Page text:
Kyle Vogt’s decision to leave comes after Cruise had its driverless taxi permit suspended in California, after one of its vehicles dragged a hit-and-run victim roughly 20ft.
General Motors-owned company Cruise has taken a hit to its leadership, as its CEO and co-founder – Kyle Vogt – has resigned from his position in the company.
His decision follows a controversial period for Cruise, which recently had its driverless taxi permit suspended in the US state of California over safety concerns.
In a post on X today (20 November), Vogt confirmed his decision to resign but spoke positively about his time with Cruise. He said a venture that began in his garage eventually provided more than 250,000 driverless rides across several cities and gave its customers a “small taste of the future”.
Vogt said he plans to spend time with his family and “explore some new ideas” following his departure.
“To my former colleagues at Cruise and GM – you’ve got this,” Vogt said. “Regardless of what originally brought you to work on AVs [automated vehicles], remember why this work matters.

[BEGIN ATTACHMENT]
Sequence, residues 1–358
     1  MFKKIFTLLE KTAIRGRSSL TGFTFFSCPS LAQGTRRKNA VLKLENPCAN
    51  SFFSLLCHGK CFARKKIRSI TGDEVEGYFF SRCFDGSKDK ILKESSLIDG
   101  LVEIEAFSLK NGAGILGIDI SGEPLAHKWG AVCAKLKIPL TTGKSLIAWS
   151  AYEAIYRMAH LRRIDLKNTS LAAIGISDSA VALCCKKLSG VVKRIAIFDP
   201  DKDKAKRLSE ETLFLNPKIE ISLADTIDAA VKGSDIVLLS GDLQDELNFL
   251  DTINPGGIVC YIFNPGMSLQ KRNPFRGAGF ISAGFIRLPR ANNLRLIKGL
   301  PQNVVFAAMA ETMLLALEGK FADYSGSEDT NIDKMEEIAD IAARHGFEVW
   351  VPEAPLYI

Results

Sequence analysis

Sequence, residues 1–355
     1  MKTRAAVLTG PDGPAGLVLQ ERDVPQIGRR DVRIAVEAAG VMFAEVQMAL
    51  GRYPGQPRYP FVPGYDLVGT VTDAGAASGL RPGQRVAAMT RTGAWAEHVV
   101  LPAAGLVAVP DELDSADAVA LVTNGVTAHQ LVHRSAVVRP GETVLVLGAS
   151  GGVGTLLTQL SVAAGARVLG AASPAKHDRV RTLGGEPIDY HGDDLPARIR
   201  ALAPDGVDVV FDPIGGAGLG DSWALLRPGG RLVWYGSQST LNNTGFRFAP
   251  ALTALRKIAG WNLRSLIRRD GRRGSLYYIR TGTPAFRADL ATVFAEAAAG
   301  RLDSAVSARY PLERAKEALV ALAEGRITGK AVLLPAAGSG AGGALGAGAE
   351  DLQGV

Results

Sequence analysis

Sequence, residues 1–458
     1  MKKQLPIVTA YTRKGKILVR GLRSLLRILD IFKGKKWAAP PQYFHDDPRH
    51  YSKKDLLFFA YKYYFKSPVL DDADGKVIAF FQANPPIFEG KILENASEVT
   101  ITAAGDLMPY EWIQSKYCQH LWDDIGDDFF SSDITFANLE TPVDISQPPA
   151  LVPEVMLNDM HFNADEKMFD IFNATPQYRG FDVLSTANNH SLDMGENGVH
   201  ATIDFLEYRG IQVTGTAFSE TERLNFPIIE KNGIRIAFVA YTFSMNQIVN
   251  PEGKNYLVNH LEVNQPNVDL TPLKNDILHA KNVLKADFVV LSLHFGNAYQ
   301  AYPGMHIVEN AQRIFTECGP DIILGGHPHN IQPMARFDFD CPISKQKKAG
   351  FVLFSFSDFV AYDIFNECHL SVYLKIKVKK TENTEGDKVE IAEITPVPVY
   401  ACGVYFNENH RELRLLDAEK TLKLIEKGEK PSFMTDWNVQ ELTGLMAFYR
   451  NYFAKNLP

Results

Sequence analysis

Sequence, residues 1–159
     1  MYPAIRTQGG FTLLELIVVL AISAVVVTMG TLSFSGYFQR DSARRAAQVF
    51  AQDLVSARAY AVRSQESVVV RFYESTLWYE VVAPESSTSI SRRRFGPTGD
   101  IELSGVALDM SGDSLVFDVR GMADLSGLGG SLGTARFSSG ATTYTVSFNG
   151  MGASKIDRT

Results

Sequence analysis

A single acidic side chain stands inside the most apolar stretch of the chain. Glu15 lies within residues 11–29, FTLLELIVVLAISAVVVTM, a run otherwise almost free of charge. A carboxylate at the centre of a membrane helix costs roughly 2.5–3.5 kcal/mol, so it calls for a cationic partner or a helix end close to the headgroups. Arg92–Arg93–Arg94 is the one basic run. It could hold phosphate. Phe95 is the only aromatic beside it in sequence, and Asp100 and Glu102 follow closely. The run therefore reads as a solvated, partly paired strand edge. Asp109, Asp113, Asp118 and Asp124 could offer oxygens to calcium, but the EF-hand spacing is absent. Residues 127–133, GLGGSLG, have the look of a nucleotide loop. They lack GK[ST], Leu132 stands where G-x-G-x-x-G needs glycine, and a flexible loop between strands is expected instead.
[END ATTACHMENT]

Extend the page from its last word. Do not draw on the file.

“The status quo on our roads sucks, but together we’ve proven there is something far better around the corner.”
Cruise has been testing its commercial driverless taxi service in the US for years, but received a significant boost earlier this year when it was given the right to operate this service “at any time of day” in San Francisco.
However, the company’s automated vehicles have been connected to a number of road incidents in recent months, which has raised concerns about their level of safety. One week after being granted the license to operate fully in San Francisco, one of the company’s taxis was involved in a collision with an emergency vehicle.
In September, reports from the San Francisco Fire Department claimed Cruise robotaxis blocked an ambulance that was trying to reach a critically injured patient, who later died from their injuries.
But the biggest incident happened last month, when videos emerged of a hit-and-run victim pinned under the back wheels of a Cruise robotaxi.
Cruise shared a “detailed review” of the incident and claims its automated vehicle (AV) braked aggressively after another car hit a pedestrian and flung the person in the direction of the robotaxi.
“The AV detected a collision, bringing the vehicle to a stop; then attempted to pull over to avoid causing further road safety issues, pulling the individual forward approximately 20ft,” Cruise said in the review.
After that incident, its permit to operate automated taxis in California was suspended by the state’s Department of Motor Vehicles. Earlier this month, Cruise recalled 950 of its robotaxis after it found defects in its automated driving system software, CNBC reported.
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